Something seems to happen the moment that many legislators sit down in the chambers of the Tennessee General Assembly. They forget they represent every one in their districts, not just their narrow political bases.

There was a time when such partisanship was reserved for the nation’s capital, but apparently, Potomac Fever is spreading downstream, and more and more, statesmanship in Nashville falls prey to political self-interest and ambition. These days, the number of legislators who are unwilling to sow divisiveness in order to harvest more votes can be counted on one hand.

Most ironic of all is that often those who espouse a distaste for big government are the very ones engaged in expanding the reach of government into the most private and personal decisions. It’s easy for them to see clearly the sins of others when they use government as the instrument for their political ideology, but when it comes time to show they are different, what do they do?

They introduce a bill that would tinker with Tennessee’s Constitution to remove a woman’s right to include abortion among her private health options. In their haste to garner support of their radical Christian base, they are willing to undermine the individual right to privacy guaranteed in the Tennessee Constitution and upheld by the state Supreme Court.

It wasn’t too many years ago that many of these same political interests campaigned against the equal rights amendment to the U.S. Constitution on the grounds that it was too sacred to be used for narrow political interests. That was then. This is now.

It points to one of the most infuriating elements of today’s highly charged partisan environment. Politicians who state firm, unshakeable, unequivocal opinions when they are opposing the other party simply ignore everything they’ve said when it comes time for them to pursue their own interests. Political amnesia is one of the incurable diseases of our time, but obviously, the outbreak in Nashville won’t see a cure any time soon. The pandering seems to have just begun.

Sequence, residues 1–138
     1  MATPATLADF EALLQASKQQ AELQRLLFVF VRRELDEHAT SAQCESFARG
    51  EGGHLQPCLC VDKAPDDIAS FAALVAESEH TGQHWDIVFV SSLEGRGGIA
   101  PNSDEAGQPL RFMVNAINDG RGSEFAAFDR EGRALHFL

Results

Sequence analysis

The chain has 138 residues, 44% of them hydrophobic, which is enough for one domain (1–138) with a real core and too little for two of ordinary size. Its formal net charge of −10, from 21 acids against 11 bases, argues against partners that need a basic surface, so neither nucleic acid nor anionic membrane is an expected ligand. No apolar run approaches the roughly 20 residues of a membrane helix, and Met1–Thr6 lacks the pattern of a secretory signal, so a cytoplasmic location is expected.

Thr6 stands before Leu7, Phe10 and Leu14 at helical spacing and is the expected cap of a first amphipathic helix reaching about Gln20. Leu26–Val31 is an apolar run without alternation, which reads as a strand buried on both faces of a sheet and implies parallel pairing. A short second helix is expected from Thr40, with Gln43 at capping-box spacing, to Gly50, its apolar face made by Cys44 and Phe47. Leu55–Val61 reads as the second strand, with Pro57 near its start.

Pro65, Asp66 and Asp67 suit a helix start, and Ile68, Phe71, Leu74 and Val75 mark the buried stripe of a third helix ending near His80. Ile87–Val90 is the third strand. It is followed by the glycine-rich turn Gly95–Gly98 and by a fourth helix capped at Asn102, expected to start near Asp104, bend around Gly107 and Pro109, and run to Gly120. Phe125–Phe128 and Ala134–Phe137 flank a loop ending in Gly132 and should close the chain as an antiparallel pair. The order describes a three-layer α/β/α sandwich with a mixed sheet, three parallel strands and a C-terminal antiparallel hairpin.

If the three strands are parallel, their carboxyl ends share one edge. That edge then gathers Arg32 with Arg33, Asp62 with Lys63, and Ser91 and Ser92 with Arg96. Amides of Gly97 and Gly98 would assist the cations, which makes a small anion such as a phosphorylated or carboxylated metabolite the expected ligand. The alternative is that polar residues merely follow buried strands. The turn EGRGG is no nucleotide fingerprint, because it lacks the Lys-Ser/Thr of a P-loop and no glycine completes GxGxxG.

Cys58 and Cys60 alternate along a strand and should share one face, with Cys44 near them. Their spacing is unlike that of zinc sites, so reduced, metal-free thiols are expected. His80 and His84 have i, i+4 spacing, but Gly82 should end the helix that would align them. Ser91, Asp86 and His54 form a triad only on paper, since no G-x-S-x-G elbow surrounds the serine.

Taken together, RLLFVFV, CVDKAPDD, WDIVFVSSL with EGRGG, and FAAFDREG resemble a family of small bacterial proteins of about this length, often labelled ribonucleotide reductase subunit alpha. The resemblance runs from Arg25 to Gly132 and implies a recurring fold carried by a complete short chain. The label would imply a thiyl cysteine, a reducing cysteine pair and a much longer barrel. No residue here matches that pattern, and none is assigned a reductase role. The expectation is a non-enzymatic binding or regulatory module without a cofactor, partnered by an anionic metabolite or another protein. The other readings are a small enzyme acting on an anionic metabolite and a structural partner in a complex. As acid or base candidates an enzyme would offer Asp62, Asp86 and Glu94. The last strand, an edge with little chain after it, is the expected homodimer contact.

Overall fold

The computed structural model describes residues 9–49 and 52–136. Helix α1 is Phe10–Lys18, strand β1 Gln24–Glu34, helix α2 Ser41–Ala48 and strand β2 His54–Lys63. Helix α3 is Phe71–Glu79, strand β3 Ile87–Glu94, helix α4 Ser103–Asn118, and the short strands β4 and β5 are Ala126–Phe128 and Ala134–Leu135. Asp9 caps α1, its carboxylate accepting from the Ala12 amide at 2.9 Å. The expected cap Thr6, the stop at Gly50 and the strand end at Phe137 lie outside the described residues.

The true believers have even suggested that the right to an abortion should be denied for women who are raped, are victims of incest or if their lives are in jeopardy. Apparently, women are only containers; it’s the contents that have value.

We may be witnessing the birth of “Big Brother” on Capitol Hill. In addition to telling women what they should do with their bodies, legislators are also refusing to give Memphis and Shelby County Governments the right to make decisions about the kind of community in which we live. Already, the legislature has killed a bill to give local government the ability to ban smoking in restaurants that employ people younger than 18 years of age, and they seem intent on bottling up county government’s bill asking for more control over its own taxes.

As for the proposed constitutional amendment, it is demagoguery at its core. Radical Christians are now using these kinds of referenda (on issues from the alleged gay agenda to abortion) as the means to enflame their base and get them out to vote. Just coincidentally, the referenda are scheduled for the same elections of governors or Congressmen.

That’s why many of these referenda across the U.S. aren’t so much aimed at accomplishing something as in giving their base a red meat diet of wedge issues, so they will get out and vote. It’s a ploy that sacrifices comity and compromise in order to elect those who share their extreme views. It may make for clever political maneuvering, but it also makes for a state whose voters are divided and antagonistic.

In the end, even if Tennesseans approve a Constitutional amendment outlawing abortion, it’s probably a Pyrrhic victory. First, it’s likely to be overturned by the U.S. Supreme Court. Second, even if it’s not, the amendment would only keep the poor and middle class from having abortions. Other people know where to go to get abortions, so only those who cannot afford to travel elsewhere will be bound by the law.

Memphis Regional Planned Parenthood says it best in its petitions opposing the bill. The amendment would “undermine Tennesseans’ right to privacy, particularly as it relates to a woman’s right to make the most personal decisions of her health care without government interference. This amendment…would usher in an era where the consultation of doctors with their patients is replaced with an edict from the General Assembly. We believe that it is a founding principle of our state that individuals should be protected from government intrusion into their private affairs. The majority of Tennesseans also oppose the actions of politicians who tamper with the Tennessee Constitution in the belief that its integrity is of secondary importance to their own political ambitions.”


If you’d like to circulate a petition opposing the amendment, give Planned Parenthood a call.